Perpetual Groove

by Greg M. Schwartz

26 March 2008

If many bands play a set of songs that only occasionally jam out, Perpetual Groove flips the formula with a focus on jams that only occasionally morph into songs. The effect is one of musical catharsis.

Tucked down an alleyway next to a Toys R Us, Moe’s Alley is one of the West Coast’s great intimate venues. A show here is akin to a small house party, the concert area resembling a large living room complete with a bar on the side and an adjacent patio. The outdoor area features cheery Christmas lights, heat lamps, and a partial view of the stage. On this night, it also features a spectacular view of the full moon, which has, earlier in the evening, gone through a total eclipse.

The lunar eclipse seems to have left a strong metaphysical vibe in the air as Georgia’s Perpetual Groove launches a long-awaited West Coast tour. Pgroove, as they’re known amongst fans, have a strong following in their native Southeast region but still fly under the radar out west, probably because they rarely venture to the Golden State. The crowd is a bit sparse for what is presumably a warm-up gig for the following night’s show in San Francisco, but the intimate setting provides the uncommon opportunity to see some stellar musicianship up close and personal.

Perpetual Groove

20 Feb 2008: Moe's Alley — Santa Cruz, CA

As the band’s name suggests, Perpetual Groove is primarily about the jams. The group’s catchier hooks and more emotionally stirring vocals typically take a backseat to exploratory “trance arena-rock” improv. If many bands play a set of songs that only occasionally jam out, Pgroove flips the formula with a focus on jams that only occasionally morph into songs. The effect is one of musical catharsis. 

Guitarist/vocalist Brock Butler is a virtuoso, delivering dazzling fretwork throughout the night while also conjuring some deep-bluesy vibes from the laptop guitar set up by his side. Keyboardist Matt McDonald paints a strong and diverse sonic palette throughout the evening, taking a big role in shaping the band’s sound. With a setup that combines great vintage sounds with the latest modern twists, McDonald is a force to be reckoned with. Bassist Adam Perry and drummer Albert Suttle both deliver progressive chops that help push each song to its limits. Together, the four members produce a sound that is greater than the sum of its parts.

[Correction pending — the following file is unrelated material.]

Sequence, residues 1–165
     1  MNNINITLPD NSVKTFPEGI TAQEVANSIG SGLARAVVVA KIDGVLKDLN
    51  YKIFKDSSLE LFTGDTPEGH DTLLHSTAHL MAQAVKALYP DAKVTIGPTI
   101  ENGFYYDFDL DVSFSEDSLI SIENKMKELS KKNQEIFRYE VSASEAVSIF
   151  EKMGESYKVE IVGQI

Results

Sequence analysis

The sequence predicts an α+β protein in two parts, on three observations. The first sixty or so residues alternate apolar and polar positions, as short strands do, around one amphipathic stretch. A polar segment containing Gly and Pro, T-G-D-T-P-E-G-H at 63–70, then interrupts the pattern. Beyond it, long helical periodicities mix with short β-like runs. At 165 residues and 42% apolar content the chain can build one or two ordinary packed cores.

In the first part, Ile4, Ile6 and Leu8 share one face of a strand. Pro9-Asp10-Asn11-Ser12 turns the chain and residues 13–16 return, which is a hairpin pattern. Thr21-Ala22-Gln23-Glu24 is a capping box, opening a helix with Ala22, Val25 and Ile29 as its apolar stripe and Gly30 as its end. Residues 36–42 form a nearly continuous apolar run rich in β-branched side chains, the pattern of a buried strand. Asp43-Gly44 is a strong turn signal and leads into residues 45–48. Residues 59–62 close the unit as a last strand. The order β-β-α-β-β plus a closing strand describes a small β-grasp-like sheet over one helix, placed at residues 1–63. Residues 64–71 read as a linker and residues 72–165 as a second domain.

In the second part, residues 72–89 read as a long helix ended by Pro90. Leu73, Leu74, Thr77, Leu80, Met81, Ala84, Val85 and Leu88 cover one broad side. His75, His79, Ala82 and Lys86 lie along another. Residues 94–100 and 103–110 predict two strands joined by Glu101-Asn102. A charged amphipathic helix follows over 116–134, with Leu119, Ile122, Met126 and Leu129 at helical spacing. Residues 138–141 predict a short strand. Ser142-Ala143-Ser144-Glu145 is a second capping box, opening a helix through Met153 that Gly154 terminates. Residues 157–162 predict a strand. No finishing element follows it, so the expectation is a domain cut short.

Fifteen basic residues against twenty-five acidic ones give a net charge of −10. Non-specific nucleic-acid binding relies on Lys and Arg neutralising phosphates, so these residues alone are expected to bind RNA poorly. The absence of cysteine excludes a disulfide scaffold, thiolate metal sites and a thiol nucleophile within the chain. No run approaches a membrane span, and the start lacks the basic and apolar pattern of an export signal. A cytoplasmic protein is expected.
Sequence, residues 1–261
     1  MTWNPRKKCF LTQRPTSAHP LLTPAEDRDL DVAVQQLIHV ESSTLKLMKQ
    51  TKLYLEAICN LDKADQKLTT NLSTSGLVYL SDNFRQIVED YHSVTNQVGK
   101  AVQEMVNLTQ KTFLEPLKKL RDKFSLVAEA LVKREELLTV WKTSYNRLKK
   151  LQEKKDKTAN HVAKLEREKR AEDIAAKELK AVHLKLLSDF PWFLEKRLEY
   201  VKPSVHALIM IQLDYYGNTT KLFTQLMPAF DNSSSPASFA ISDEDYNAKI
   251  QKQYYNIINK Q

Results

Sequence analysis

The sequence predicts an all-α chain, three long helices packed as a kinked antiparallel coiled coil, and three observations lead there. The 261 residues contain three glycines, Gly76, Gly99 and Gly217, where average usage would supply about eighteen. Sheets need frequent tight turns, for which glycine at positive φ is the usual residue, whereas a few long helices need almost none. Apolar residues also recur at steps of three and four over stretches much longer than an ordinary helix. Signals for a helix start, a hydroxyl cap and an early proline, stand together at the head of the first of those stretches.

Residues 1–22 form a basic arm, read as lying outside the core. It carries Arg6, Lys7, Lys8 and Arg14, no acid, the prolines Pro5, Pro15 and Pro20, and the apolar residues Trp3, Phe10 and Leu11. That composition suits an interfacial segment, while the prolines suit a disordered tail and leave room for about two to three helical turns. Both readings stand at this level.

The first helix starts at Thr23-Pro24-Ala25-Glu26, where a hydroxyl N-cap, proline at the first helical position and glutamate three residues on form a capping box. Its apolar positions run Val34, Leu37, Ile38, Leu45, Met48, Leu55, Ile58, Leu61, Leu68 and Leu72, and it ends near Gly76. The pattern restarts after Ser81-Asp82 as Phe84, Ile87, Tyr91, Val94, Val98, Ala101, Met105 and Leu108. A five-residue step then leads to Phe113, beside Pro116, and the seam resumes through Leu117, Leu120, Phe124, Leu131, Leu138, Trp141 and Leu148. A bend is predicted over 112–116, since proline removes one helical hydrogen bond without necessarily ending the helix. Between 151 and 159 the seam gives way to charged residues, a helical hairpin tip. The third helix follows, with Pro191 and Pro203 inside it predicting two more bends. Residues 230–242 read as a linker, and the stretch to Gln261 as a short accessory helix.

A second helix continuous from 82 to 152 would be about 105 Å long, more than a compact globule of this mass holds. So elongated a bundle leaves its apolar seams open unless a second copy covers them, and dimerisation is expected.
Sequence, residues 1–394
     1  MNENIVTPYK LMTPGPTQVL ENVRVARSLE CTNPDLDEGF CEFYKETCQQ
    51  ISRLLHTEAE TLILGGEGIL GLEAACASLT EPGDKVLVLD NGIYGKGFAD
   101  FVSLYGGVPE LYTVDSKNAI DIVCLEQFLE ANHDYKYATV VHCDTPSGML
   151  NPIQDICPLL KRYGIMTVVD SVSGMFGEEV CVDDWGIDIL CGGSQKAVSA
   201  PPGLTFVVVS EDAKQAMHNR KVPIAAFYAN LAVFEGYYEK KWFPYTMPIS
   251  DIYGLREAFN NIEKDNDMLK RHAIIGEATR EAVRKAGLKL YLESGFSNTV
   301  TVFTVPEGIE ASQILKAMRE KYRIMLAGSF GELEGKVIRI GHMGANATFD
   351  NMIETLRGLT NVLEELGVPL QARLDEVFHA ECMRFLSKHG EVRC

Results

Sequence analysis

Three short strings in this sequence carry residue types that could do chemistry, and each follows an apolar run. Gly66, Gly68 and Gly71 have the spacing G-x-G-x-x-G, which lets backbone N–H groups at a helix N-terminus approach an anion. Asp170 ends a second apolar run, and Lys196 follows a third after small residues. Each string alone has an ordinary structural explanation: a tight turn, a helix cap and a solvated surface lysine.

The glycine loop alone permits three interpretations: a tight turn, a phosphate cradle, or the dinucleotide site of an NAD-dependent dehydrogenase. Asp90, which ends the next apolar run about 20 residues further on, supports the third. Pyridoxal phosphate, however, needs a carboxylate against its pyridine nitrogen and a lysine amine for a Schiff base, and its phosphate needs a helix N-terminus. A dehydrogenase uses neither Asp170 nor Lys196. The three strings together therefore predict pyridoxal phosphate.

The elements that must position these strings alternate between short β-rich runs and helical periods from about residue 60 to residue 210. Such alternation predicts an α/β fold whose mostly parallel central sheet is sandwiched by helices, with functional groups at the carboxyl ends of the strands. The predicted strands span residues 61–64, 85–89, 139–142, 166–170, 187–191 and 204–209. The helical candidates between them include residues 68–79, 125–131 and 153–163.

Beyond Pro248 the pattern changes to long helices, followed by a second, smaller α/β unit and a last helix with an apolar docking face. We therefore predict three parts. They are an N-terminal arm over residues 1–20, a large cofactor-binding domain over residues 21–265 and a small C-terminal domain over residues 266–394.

One tune begins with a spacey vibe only to transform into a rocker via some dynamic changes. Another sees Butler loop some guitar lines and play other trippy sounds on top, enabling the band’s sound to grow even fuller. McDonald leads the way on a strong prog-rock jam that recalls classic artists such as Yes and ELP, particularly with the vintage synth sounds.

The band must feel some need to deliver a big ending to their first set, which they do with a stellar cover of KC and the Sunshine Band’s funk classic “Get Down Tonight”. While Butler’s vocals get the crowd rocking, Perry steps it up significantly with a strong attack on the song’s low end. The band adds its own twist by using the song as a launch pad into an extended space voyage that KC could only dream of.

Any fan with the desire to talk up a band member can easily do so at the break, as the four musicians approach the bar for libations just like everyone else. But the conversations have to move fast: only fifteen minutes later, the band is back onstage kicking out the jams again.

One memorable moment sees Butler recalling his wish to breathe underwater, augmented by the band’s invocation of Atlantean images with watery keyboards and psychedelic guitar. The song morphs into a rocking jam that’s edgy, yet trance-jammy too, recalling bands like Particle and Sound Tribe Sector Nine. Another song features a vocal melody that ventures into a Talking Heads, “Once in a Lifetime” vibe, with Butler singing about finding himself in “some kind of hell.” He must have made it back from that Hades, though, because the tune quickly transforms into another melodic groove propelled by more stellar synth work.

There are plenty more triumphant jams: a couple of tunes in particular seem to blend a Phishy arena rock sound with more of a Disco Biscuits-style trance-club vibe. The band forgoes leaving the stage before the encore and launches right into “Save for One”, one of the strongest tunes from their latest album, Livelovedie. The song provides a perfect capper to the evening as Butler sings, “Well, my friends, I hope we can say before we go, that we strolled, head held high and we gave one hell of a show.” The song’s catchy “oh-whoa-whoa” vocal hook grabs the ear in a way that suggests Butler and company could write radio rock hits if they wanted to. But they’re clearly having too much fun being a jamband to go down that alley—and we’re having too much fun with the jams.

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